— The Jews believed that the spirit of the deceased lingered around the body for three days, hoping to be able to enter it once again. After that (when decay began to set in) the spirit departed forever.

— Elder Bruce R. McConkie said, “Why this studied buildup, this centering of attention upon one of the mightiest miracles of his ministry? Two reasons in particular stand out. (1) As our Lord neared the climax of his mortal ministry, he was again bearing testimony, in a way that could not be refuted, of his Messiahship, of his divine Sonship, of the fact that he was in very deed the literal Son of God; and (2) He was setting the stage, so as to dramatize for all time, one of his greatest teachings: That he was the resurrection and the life, that immortality and eternal life came by him, and that those who believed and obeyed his words should never die spiritually.”6

— This left Jewish unbelievers without excuse for rejecting their Messiah. Elder James E. Talmage said, “No question as to the actual death of Lazarus could be raised, for his demise had been witnessed, his body had been prepared and buried in the usual way, and he had lain in the grave four days. At the tomb, when he was called forth, there were many witnesses, some of them prominent Jews, many of whom were unfriendly to Jesus and who would have readily denied the miracle had they been able. God was glorified and the divinity of the Son of Man was vindicated in the result.”7

Jesus Raises Lazarus from the Dead

● Martha ran out to meet him and expressed her great faith in Him (John 11:18–27). This is the same Martha who had been so busy on Jesus’ previous visit while her sister chose to sit at His feet and listen to His teachings. We can see from this that Martha was just as faithful as her sister.

● After Martha told her Jesus had come, Mary also ran out to meet him and expressed her faith in Him (John 11:28–32).

● Jesus showed great compassion for their sorrow by also weeping for them (John 11:33–37). Why did he not just say, “Chin up, sisters. There’s no reason to weep, I’m going to raise Lazarus from the dead.” Why instead did He cry? We seem something of Jesus’ true compassion when we see Him weep for the sorrow of these two women.

● Despite her great faith, Martha objected when Jesus asked the stone to be removed (John 11:38–40).

● Jesus offered a prayer of gratitude to the Father, then raised Lazarus from the dead (John 11:41–44).

● The Pharisees now feared that the “whole world” would follow him (John 11:45–57), and they sought thereafter to kill Him.

Notes:

1.  Told by Marvin J. Ashton, “Know He Is There,” Ensign, Feb. 1994, 50.
2.  Jesus the Christ, 3rd ed. [1916], 436.
3.  In Conference Report, Oct. 1989, 38; or Ensign, Nov. 1989, 30–31.
4.  Doctrinal New Testament Commentary, 3 vols. [1966–73], 1:543–544.
5.  In Conference Report, Oct. 1996, 54; or Ensign, Nov. 1996, 39.
6.  Doctrinal New Testament Commentary, 1:530–531.
7.  Jesus the Christ, 496.

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By |2018-05-13T18:33:06+00:00May 14th, 2018|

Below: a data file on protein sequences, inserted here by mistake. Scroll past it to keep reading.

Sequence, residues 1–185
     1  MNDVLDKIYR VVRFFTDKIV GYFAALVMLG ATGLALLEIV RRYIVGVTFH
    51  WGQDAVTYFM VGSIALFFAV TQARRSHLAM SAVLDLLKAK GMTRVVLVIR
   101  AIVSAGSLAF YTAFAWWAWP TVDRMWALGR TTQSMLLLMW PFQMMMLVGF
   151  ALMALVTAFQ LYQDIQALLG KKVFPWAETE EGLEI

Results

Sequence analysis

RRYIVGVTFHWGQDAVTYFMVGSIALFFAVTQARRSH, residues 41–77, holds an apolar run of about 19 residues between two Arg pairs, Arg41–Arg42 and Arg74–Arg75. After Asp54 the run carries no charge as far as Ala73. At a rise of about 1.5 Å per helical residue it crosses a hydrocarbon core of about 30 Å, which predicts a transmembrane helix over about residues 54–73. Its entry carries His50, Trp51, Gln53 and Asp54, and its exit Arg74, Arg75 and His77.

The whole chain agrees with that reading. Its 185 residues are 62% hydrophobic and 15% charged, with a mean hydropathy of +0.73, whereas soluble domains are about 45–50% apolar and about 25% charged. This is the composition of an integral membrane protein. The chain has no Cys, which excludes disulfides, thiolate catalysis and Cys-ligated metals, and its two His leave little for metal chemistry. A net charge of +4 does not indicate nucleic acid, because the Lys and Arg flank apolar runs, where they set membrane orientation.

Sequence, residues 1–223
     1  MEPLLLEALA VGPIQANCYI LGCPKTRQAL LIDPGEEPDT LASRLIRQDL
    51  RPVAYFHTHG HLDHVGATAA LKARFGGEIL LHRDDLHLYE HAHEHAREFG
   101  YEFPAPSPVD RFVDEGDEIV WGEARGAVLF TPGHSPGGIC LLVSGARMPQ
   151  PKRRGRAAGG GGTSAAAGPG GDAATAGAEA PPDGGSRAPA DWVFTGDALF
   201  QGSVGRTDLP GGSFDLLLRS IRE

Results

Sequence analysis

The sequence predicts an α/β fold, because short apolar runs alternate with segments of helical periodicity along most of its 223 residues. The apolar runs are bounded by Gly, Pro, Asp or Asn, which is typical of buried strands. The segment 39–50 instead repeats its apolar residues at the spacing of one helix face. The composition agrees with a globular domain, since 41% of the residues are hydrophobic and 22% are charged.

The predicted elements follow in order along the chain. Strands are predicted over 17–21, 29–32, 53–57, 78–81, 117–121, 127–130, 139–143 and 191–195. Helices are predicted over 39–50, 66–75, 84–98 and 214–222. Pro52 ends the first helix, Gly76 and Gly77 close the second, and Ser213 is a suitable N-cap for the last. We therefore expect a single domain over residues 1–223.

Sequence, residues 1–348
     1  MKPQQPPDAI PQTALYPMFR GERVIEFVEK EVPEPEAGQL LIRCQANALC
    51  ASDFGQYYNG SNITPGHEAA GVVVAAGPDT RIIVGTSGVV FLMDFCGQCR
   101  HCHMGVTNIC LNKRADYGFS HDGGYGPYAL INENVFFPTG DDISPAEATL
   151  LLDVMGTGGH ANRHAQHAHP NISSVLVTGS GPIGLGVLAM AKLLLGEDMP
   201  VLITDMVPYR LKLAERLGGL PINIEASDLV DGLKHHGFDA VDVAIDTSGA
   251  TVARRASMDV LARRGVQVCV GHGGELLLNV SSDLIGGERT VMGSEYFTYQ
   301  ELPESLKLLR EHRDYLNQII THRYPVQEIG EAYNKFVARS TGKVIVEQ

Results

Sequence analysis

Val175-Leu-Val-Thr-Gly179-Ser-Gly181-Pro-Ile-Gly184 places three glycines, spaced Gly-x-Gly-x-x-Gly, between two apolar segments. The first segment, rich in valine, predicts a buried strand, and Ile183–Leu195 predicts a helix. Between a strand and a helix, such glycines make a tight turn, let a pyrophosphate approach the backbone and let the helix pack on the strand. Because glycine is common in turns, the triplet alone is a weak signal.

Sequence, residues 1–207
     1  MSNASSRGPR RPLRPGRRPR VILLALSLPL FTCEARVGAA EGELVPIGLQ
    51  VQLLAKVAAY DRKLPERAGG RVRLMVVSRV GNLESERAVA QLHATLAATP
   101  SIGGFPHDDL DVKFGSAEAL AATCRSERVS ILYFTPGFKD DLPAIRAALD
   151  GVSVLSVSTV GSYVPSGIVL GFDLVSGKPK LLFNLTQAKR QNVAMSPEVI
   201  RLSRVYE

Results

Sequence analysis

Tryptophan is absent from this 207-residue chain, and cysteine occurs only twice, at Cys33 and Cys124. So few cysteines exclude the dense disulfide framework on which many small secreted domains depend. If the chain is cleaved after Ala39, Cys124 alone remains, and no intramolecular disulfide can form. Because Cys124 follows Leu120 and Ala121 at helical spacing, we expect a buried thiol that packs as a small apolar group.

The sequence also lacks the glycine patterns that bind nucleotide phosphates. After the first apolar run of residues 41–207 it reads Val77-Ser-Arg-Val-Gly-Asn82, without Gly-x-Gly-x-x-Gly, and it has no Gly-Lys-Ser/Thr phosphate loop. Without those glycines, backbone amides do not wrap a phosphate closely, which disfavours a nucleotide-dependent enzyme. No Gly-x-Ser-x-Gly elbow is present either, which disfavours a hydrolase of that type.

About the Author:

Randal S. Chase spent his childhood years in Nephi, Utah, where his father was a dry land wheat farmer and a businessman. In 1959 their family moved to Salt Lake City and settled in the Holladay area. He served a full-time mission in the Central British (England Central) Mission from 1968 to 1970. He returned home and married Deborah Johnsen in 1971. They are the parents of six children—two daughters and four sons—and an ever-expanding number of grandchildren. He was called to serve as a bishop at the age of 27 in the Sandy Crescent South Stake area of the Salt Lake Valley. He served six years in that capacity, and has since served as a high councilor, a stake executive secretary and clerk, and in many other stake and ward callings. Regardless of whatever other callings he has received over the years, one was nearly constant: He has taught Gospel Doctrine classes in every ward he has ever lived in as an adult—a total of 35 years. Dr. Chase was a well-known media personality on Salt Lake City radio stations in the 1970s. He left on-air broadcasting in 1978 to develop and market a computer-based management, sales, and music programming system to radio and television stations in the United States, Canada, South America, and Australia. After the business was sold in 1984, he supported his family as a media and business consultant in the Salt Lake City area. Having a great desire to teach young people of college age, he determined in the late 1980s to pursue his doctorate, and received his Ph.D. in Communication from the University of Utah in 1997. He has taught communication courses at that institution as well as at Salt Lake Community College and Dixie State University for 21 years. He served as Communication Department chair and is currently a full-time professor at Dixie State University in St. George, Utah. Concurrently with his academic career, Brother Chase has served as a volunteer LDS Institute and Adult Education instructor in the CES system since 1994, both in Salt Lake City and St. George, where he currently teaches a weekly Adult Education class for three stakes in the Washington area. He has also conducted multiple Church History tours and seminars. During these years of gospel teaching, he has developed an extensive library of lesson plans and handouts which are the predecessors to these study guides. Dr. Chase previously published a thirteen-volume series of study guides on the Book of Mormon, Church History, the Old Testament, and the New Testament. The series, titled Making Precious Things Plain, along with four smaller study guides on Isaiah, Jeremiah, the story of the Nativity, and the final week of our Lord’s atoning sacrifice, are designed to assist teachers and students of the gospel, as well as those who simply want to study on their own. Several of these books are also available in the Spanish language.